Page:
A film that relies on the narration of a man with no short-term memory might cause the average viewer some anguish in following the plot, but Nolan and editor Wally Pfister allow the audience a small adjustment period to the dual strains of this story. In the black and white strain, Leonard speaks on the telephone to an unknown individual, explaining his condition and telling the story of Sammy Jankis, a man who shares Leonard’s condition; this strain runs chronologically, as most stories do. The strain filmed in color, however, begins at the end of Leonard’s tale and provides snapshots (pun intended) of Leonard’s search; each fragment reveals more and more of the plot, and each fragment ends where its predecessor began, forming a jigsaw of scrambled storytelling that requires your short-term memory to focus. Remember, this was 2000 — before cellphones were ubiquitous in every movie theater. Don’t fret, though… years of high school seniors have confirmed that you will get used to the format within the first twenty minutes, and you definitely won’t want to break the film up into multiple days of viewing!
Because Leonard can’t remember, the puzzle pieces don’t always land where they should, and we, the viewers, are left helpless as we try to remember how each new character plays a role in Leonard’s search. Teddy (Joe Pantoliano) seems pretty shady, with his “sinister mustache” and his leering envy of Leonard’s Jaguar. Natalie (Carrie Anne Moss) is also looking for her lost love, yet she also sees ways to use Leonard’s trust to her advantage. Pantoliano’s and Moss’s portrayals of these two shine just as brightly as Pearce’s Leonard; Natalie works her feminine wiles on Leonard, acting as a damsel in distress and playing on Leonard’s emotions about failing to save his wife. Teddy’s sneaky grin and Leonard’s note “Don’t trust his lies.” drive viewers (and my students) further and further away as the film continues. Pantoliano is absolutely brilliant as the slimy Teddy whose quips bring the lion’s share of comic relief to an otherwise heavy situation; it’s pretty impossible to imagine anyone else in this role.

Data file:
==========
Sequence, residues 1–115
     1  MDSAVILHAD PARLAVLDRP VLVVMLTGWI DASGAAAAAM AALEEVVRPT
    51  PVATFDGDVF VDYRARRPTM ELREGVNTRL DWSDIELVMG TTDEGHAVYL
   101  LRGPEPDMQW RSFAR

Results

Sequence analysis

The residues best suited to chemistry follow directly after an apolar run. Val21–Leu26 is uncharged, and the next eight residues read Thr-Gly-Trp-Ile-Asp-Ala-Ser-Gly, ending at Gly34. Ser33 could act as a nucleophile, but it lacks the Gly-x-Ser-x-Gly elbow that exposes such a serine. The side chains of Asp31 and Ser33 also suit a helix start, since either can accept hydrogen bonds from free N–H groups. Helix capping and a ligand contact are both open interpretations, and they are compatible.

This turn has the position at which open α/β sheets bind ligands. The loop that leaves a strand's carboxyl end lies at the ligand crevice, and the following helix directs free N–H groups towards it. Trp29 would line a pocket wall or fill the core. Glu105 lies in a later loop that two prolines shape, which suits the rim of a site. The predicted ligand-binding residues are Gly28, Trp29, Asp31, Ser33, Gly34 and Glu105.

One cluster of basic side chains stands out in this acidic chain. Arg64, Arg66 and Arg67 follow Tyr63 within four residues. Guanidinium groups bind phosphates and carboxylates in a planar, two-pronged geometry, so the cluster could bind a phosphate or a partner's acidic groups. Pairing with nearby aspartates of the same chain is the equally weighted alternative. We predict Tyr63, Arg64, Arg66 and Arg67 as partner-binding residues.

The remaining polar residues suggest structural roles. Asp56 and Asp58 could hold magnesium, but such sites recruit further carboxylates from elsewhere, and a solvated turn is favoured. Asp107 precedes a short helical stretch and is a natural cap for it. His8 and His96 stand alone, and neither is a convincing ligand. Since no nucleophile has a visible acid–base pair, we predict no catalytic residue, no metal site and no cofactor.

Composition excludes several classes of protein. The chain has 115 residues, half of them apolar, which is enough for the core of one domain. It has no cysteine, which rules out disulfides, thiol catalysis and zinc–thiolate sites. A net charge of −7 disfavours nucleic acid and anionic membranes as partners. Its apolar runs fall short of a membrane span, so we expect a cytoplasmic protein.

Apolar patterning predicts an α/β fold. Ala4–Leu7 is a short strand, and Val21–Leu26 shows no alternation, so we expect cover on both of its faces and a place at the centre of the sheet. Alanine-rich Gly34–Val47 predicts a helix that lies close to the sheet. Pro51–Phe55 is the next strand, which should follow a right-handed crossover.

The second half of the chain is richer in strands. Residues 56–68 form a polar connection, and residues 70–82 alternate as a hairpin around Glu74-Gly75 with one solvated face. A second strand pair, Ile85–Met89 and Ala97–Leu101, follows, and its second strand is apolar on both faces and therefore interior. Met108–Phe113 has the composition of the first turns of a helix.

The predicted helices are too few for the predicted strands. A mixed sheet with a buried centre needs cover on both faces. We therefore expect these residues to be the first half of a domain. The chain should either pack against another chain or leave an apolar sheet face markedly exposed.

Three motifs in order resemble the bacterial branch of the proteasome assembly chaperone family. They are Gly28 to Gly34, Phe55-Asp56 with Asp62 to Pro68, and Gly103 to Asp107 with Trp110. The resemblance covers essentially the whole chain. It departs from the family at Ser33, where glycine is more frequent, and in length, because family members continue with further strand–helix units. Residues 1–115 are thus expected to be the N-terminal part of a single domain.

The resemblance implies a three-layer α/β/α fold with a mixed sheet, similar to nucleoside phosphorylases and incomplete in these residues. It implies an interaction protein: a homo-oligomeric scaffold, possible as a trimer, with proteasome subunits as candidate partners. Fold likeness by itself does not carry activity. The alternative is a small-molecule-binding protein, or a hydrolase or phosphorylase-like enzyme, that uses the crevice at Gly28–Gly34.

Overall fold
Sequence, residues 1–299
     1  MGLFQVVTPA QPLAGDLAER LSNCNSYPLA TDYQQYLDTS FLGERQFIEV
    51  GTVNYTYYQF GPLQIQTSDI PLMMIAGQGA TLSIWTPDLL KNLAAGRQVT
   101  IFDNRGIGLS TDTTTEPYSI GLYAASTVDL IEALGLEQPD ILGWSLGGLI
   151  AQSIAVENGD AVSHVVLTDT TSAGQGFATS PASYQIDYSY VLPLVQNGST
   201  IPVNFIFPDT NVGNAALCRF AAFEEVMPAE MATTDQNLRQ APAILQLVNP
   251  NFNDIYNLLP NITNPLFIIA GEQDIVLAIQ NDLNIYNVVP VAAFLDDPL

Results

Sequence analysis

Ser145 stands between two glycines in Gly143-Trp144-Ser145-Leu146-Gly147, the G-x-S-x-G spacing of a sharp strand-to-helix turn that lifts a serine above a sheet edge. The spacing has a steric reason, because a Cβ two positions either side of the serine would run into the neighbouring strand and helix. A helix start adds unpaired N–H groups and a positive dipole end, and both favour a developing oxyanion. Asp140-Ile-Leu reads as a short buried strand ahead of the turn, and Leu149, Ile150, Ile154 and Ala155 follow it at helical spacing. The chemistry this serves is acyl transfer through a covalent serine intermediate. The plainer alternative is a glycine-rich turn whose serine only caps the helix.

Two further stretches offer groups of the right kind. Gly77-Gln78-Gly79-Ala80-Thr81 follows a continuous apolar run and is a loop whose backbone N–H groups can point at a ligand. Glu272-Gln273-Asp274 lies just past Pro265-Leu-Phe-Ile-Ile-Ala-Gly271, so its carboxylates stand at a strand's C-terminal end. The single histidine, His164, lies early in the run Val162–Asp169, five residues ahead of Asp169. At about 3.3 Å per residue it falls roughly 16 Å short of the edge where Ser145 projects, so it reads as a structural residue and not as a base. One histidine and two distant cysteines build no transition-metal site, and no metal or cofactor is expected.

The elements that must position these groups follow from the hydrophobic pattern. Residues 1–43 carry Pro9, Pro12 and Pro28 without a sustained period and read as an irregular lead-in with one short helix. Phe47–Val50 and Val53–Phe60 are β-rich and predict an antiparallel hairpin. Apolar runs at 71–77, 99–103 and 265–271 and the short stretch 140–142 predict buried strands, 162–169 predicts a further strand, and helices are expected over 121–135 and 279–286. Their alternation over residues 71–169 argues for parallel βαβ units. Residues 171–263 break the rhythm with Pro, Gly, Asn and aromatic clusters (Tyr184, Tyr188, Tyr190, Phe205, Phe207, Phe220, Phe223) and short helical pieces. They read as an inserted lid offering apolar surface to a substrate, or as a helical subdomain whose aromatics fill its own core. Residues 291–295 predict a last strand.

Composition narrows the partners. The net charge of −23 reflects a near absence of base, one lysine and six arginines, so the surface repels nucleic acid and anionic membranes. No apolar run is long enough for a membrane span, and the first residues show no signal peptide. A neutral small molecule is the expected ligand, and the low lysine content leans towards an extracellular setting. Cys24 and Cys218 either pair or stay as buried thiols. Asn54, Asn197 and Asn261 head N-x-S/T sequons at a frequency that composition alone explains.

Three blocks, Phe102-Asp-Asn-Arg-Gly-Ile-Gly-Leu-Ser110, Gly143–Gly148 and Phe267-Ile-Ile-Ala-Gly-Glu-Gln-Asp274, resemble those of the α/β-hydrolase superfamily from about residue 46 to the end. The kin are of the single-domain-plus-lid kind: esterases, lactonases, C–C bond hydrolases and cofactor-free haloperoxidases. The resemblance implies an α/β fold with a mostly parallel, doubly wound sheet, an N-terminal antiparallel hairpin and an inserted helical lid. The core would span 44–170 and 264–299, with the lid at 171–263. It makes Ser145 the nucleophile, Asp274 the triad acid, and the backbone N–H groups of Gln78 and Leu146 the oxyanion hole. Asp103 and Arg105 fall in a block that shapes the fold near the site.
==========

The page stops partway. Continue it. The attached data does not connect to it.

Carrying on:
The Nolan brothers expertly force viewers to trust in a man who can’t even trust his own handwriting, Polaroids, and numerous tattoos; clearly, we can’t trust the people around him, and if we can’t trust our narrator, then with whom are we left? The camera only shows us what Nolan wants us to see, and we are carried along on Leonard’s shoulder and in Leonard’s pocket for the entirety of the film… save for a single blink-and-you-miss-it moment during Sammy Jankis’ story (hint – watch carefully when Sammy is in the medical care center). In this single split-second, we are handed two-three frames of purely objective narration; better keep your remote handy for this one.
We’ve encountered unreliable narrators before, but typically, they turn out to be villains we are ashamed to discover we’ve trusted. Memento brings the unreliable narrator trope to the stratosphere, luring in viewers through sympathy for a lost wife and a lost memory, through the mistrust of those nasty people who keep taking advantage of our hero, and through our arrogance that we will figure everything out for Leonard so he can finally rest. What we forget, though, is the most important element, that “memory is unreliable..And memories can be distorted.” Leonard relies on facts, and the fact is… you can’t always trust your narrators.